Sweet! Cookie dough eggroll at Bluphies.
I have an obsession with egg rolls. Not regular egg rolls, though they are delicious. No, I'm fixated on weird egg rolls. Egg rolls that aren't really egg rolls at all, but are a nod to the original.
The veteran of the lineup is served at Bluephies on Monroe Street: The cookie dough egg roll.
Bluephies has been serving cookie dough egg rolls ($6.29 per order) for a long time now. They're as sweet as you'd expect a deep fried tube of sugar, chocolate and butter to be, and about as gooey. You can't eat them with your hands because they're too hot from the fryer, and they'd spill molten cookie dough all over anyway. Dangerous, but alluring, like a James Bond villain. Order a cocktail, strong as you like, to cut through the richness.
AJ Bombers used to run a special egg roll night promotion at the Madison location, and owner Joe Sorge says it will return before the holidays this year. (Think "turkey and gravy rolls," he told me.) Until then, the zingy buffalo chicken variety ($5.50 for three) will do the trick, and the blue cheese dip is thick and cool. Ranch is available too, if you're into that kind of thing.
Unfortunately, not all weird egg rolls are created equal. I had high hopes for the Reuben egg rolls at Capital Tap Haus on State Street (I love a good Reuben). But my first order ($6.75) was forgotten until my burger had already come out. Second, they were plated with lackluster presentation and a plastic tub of Thousand Island dressing. Third, the filling was gummy and featureless, and lastly, the order was skimpy for the price.
Instead, take a trip out to Middleton, the land of Capital Brewery, and grab yourself some corned beef and cabbage rolls at the Claddagh at Greenway Station.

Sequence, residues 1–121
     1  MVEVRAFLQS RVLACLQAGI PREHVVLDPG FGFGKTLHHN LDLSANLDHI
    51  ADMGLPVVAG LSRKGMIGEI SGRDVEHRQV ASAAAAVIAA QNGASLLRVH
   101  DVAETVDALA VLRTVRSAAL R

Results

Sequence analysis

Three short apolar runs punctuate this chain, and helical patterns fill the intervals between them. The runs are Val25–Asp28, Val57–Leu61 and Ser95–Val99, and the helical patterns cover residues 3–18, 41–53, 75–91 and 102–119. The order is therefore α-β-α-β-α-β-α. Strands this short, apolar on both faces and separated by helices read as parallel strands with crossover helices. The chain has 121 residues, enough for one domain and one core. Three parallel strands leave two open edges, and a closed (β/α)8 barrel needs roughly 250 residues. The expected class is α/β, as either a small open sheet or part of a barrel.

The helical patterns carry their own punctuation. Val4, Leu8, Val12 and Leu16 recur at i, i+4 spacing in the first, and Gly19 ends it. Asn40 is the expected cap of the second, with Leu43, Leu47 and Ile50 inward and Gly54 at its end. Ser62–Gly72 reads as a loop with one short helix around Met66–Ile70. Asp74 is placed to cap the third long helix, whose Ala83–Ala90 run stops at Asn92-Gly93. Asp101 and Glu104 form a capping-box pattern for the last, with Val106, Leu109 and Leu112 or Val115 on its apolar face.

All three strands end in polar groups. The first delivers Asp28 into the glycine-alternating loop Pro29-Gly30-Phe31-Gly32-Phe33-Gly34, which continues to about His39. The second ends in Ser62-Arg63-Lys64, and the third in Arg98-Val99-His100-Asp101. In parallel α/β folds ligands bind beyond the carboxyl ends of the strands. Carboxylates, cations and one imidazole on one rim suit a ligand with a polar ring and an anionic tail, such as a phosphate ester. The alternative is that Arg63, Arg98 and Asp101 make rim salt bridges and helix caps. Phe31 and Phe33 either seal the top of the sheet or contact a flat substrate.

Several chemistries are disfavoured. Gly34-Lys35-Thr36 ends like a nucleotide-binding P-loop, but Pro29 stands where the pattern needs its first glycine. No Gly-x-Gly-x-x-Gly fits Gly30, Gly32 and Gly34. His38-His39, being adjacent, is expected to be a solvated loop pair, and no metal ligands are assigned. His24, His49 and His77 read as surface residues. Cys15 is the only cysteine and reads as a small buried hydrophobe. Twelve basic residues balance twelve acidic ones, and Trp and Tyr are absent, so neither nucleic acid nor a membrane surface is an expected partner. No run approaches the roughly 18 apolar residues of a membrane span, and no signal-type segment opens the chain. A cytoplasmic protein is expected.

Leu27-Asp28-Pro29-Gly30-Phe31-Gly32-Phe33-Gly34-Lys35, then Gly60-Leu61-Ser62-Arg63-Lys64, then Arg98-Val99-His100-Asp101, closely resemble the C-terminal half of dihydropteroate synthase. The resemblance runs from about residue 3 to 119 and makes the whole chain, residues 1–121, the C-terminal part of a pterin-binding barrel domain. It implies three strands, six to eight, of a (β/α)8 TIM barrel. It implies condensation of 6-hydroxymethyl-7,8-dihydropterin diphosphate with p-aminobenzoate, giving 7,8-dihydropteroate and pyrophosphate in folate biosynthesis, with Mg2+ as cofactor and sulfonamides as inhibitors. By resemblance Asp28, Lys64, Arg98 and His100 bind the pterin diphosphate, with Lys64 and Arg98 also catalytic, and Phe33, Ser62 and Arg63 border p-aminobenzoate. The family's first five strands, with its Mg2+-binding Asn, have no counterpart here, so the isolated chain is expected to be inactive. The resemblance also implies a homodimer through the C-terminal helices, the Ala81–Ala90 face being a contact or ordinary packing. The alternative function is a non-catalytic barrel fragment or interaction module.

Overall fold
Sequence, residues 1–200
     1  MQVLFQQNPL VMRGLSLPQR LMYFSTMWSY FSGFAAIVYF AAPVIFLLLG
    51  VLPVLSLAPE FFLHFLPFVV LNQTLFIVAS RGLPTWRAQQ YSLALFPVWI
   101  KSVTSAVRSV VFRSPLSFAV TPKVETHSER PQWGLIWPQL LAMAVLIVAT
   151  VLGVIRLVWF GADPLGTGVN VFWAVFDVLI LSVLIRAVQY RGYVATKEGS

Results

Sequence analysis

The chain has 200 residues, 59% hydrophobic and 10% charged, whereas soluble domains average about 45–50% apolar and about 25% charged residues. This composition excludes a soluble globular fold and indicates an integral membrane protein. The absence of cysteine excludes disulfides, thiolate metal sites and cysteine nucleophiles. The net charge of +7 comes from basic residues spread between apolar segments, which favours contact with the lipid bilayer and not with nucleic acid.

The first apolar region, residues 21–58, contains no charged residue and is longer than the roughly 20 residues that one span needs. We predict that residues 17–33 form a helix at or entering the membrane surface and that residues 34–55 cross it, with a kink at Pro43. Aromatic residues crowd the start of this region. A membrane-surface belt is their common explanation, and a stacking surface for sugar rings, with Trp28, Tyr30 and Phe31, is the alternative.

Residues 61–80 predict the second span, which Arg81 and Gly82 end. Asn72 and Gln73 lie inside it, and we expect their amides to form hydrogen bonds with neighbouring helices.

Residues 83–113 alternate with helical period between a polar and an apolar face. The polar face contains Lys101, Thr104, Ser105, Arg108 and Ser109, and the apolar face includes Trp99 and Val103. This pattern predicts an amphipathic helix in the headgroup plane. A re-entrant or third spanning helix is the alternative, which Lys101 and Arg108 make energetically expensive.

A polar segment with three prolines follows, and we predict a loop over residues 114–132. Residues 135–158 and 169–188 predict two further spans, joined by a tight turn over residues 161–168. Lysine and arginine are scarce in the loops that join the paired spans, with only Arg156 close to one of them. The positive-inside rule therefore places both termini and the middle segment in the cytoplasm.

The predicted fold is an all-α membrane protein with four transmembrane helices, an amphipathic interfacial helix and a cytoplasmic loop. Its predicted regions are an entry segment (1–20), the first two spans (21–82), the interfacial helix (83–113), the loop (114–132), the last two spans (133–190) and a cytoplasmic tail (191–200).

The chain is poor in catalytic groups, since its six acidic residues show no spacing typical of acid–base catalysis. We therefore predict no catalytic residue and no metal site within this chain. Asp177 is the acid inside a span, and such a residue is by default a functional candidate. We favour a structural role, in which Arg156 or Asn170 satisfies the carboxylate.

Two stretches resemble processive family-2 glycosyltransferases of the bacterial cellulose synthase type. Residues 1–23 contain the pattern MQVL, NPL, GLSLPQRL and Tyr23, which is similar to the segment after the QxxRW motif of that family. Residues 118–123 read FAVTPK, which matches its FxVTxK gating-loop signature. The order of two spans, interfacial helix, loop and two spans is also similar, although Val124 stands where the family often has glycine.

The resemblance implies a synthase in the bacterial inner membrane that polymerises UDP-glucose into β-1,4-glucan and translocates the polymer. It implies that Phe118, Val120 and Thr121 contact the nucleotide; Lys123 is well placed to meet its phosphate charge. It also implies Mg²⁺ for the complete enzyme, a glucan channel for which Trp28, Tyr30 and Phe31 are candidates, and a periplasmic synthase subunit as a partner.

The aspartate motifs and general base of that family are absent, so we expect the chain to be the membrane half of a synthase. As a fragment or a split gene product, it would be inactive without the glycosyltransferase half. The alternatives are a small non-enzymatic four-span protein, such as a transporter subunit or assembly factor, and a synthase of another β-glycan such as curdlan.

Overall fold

The order comprises three hefty rolls ($8), split in half, which is handy when you're dealing with steaming-hot corned beef, potato and melted cheese. A generous drizzle of Thousand Island dressing decorates the plate. In these rolls, the filling is discernible, appreciable on a component-by-component basis; you get a cube of potato, then the chewy bite of corned beef and a little stretch of cheese. It's the classic egg roll experience you'd expect, in an Irish style you probably never knew you wanted.
Williamson Street's Ha Long Bay has a superpowered egg roll with some pretty high-profile fans. The Goi Cuốn Chả Giò -- better known as the AP10, its menu code -- is a Vietnamese egg roll wrapped up in a cilantro-heavy Vietnamese spring roll ($4 for two). It's like the Incredible Hulk, a skinny unassuming thing hidden deep inside a bulging, greenish monster.
National food media celebrity Andrew Zimmern has sung its praises, in a web-only bonus segment from Zimmern's 2013 Bizarre Foods America episode set in Wisconsin. "It's really sick-good," Zimmern says, and trust me when I say that's a compliment.
The newbie eggroll version comes courtesy of O.S.S., the sausage purveyor on Regent Street. O.S.S. shifts its menu around regularly, so its pitch-perfect egg roll sausage comes and goes. It's there now, though: a Chinese-style pork sausage ($5.50) complete with funky sauteed cabbage, hot mustard and fried wonton strips. The lightly toasted bun changes the experience somewhat, but the tastes and textures are otherwise all right there for the eating.
Josh Boll, co-manager at O.S.S., told me that the egg roll sausage would be around "through the month of November." Even after it does go away, rest assured that its eventual return is fairly likely. Sadly, that's not true for the late, great cheesesteak rolls at the shuttered Big Red's Steaks.
I try to not dwell on weird egg rolls of the past, but like I said, I'm a little obsessed.